The conversation then took another turn in which the therapists took turns naming all the American vampire movies they loved. I had no idea how obsessed my entire PT staff is with vampires! 🙂
I then started laughing so hard again that blood from my head rushed to my feet, my blood pressure fell quickly, and I had to sit down and have my legs lifted into the air in order for me to regain consciousness. Yes, I literally passed out laughing at the staff’s enthusiasm for American vampire flicks. Now, mind you, I have passed out from laughing before, but it was at a comedy club in Miami after quite a few glasses of champagne … here it seems I come to work in a comedy club!
Otherwise, I have a quick side story to share with you about costs in the Chinese healthcare system vs. in the United States.
Last week my Mom was rushed to the emergency room with tingling feet and hands and difficulty breathing, eventually to discover that her potassium levels had fallen dangerously low. Before the Chinese doctors worked this out, they put her through a full EKG, a CT scan as well as an MRI and ran her blood panels and urine panels … finally putting her on an IV drip to boost her potassium.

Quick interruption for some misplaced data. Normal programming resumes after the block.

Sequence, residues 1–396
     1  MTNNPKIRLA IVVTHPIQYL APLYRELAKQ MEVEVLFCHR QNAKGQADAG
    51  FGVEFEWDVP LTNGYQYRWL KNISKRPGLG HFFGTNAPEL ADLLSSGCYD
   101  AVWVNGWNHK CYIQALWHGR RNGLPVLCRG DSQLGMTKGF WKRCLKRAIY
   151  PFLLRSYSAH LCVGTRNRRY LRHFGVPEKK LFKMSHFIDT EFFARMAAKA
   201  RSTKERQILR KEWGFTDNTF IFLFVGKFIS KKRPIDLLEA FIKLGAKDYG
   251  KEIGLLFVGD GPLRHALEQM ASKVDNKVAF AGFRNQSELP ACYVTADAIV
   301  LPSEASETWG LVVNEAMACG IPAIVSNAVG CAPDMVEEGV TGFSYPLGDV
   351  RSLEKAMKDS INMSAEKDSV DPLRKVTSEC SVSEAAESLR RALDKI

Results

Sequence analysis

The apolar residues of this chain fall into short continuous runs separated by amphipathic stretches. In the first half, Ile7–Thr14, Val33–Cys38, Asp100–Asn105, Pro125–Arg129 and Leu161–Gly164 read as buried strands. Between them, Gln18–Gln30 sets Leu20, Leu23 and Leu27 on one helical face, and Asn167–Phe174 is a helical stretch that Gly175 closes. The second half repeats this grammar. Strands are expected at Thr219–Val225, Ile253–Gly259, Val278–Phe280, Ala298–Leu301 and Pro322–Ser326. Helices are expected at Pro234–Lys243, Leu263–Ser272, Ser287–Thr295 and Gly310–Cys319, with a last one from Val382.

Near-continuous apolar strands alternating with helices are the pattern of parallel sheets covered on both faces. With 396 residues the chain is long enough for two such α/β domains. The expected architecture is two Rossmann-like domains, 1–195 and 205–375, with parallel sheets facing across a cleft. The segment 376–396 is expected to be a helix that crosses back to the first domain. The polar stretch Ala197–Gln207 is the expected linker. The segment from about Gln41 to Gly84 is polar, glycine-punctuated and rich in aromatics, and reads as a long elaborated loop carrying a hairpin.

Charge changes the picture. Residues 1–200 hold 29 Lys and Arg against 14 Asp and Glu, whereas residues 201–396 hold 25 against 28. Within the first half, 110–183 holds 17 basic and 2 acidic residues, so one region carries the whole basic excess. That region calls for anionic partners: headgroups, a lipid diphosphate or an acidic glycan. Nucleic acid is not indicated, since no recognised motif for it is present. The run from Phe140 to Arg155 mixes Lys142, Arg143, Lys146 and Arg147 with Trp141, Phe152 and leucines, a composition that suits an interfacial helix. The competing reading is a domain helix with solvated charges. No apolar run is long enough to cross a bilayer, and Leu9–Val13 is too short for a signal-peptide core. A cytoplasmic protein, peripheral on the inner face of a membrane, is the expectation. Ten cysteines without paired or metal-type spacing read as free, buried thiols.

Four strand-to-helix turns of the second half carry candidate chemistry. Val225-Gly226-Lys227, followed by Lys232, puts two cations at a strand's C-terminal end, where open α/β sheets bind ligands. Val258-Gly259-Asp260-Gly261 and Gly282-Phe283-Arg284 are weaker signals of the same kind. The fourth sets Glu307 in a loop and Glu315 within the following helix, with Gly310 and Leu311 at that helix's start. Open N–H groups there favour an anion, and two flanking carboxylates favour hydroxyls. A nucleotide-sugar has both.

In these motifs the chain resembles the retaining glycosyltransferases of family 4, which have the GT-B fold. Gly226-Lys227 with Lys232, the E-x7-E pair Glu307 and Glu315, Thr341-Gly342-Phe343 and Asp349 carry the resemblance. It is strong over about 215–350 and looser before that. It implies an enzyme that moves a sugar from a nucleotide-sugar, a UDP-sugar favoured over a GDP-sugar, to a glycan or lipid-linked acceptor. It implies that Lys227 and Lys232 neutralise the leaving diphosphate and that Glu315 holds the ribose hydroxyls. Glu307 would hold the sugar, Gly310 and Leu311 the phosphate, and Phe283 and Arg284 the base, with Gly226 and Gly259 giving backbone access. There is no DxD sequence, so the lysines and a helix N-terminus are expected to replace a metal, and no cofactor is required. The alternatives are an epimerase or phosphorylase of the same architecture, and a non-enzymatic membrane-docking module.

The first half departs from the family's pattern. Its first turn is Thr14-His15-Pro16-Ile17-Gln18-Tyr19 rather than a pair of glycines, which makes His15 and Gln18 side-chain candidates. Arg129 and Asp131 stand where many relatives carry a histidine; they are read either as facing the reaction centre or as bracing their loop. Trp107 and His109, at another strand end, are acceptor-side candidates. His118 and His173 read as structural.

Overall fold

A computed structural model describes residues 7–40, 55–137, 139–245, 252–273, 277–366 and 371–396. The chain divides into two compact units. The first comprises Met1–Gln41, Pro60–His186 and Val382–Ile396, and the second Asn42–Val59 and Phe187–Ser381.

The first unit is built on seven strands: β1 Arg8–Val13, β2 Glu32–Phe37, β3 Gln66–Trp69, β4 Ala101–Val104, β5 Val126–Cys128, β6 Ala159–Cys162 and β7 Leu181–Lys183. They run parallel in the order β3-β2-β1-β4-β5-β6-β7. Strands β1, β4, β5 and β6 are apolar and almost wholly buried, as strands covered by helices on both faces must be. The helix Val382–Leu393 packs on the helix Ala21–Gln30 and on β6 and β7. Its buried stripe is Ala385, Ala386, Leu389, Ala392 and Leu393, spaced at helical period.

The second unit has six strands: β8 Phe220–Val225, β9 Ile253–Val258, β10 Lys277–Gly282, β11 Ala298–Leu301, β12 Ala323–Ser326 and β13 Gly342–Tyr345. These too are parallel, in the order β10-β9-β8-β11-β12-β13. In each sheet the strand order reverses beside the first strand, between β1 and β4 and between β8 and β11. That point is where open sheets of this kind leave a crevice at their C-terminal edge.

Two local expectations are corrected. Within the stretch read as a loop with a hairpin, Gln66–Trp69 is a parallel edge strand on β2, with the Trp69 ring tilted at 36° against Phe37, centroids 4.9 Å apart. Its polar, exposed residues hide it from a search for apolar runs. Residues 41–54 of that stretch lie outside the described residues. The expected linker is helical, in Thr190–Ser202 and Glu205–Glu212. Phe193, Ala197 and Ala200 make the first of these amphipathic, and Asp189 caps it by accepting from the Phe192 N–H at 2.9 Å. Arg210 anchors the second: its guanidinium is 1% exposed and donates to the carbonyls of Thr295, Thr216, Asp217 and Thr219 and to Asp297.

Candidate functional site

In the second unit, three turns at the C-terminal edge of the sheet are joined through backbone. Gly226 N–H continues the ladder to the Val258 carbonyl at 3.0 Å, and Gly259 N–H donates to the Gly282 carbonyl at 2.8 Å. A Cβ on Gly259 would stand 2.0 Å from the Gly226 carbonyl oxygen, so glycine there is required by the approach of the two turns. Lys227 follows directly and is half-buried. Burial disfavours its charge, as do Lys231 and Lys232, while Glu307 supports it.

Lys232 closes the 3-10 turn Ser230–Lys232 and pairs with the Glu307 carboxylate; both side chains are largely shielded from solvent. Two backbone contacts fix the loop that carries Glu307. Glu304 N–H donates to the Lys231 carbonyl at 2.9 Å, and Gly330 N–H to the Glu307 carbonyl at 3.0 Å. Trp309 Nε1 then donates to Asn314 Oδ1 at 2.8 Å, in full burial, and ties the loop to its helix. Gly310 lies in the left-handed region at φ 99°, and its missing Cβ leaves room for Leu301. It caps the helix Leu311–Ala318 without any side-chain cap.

Now, from experience in Miami, I’d estimate all this high-tech service and lab work would cost at least $5000. Well, over here we just got the bill for my mother’s stay in the emergency room + all these services. The total cost turned out to be the RMB equivalent of $250.
Seriously, what? Yep, that was the cost in a brand new, private Chinese hospital. No wonder medical tourism is taking off all over the world. Private hospital rooms here with en suite toilet and shower still go for the equivalent of $14 a day.
All right, I will steer this post back to my therapists and offer you a brief introduction to key members of the team. You can match the names to the pictures below.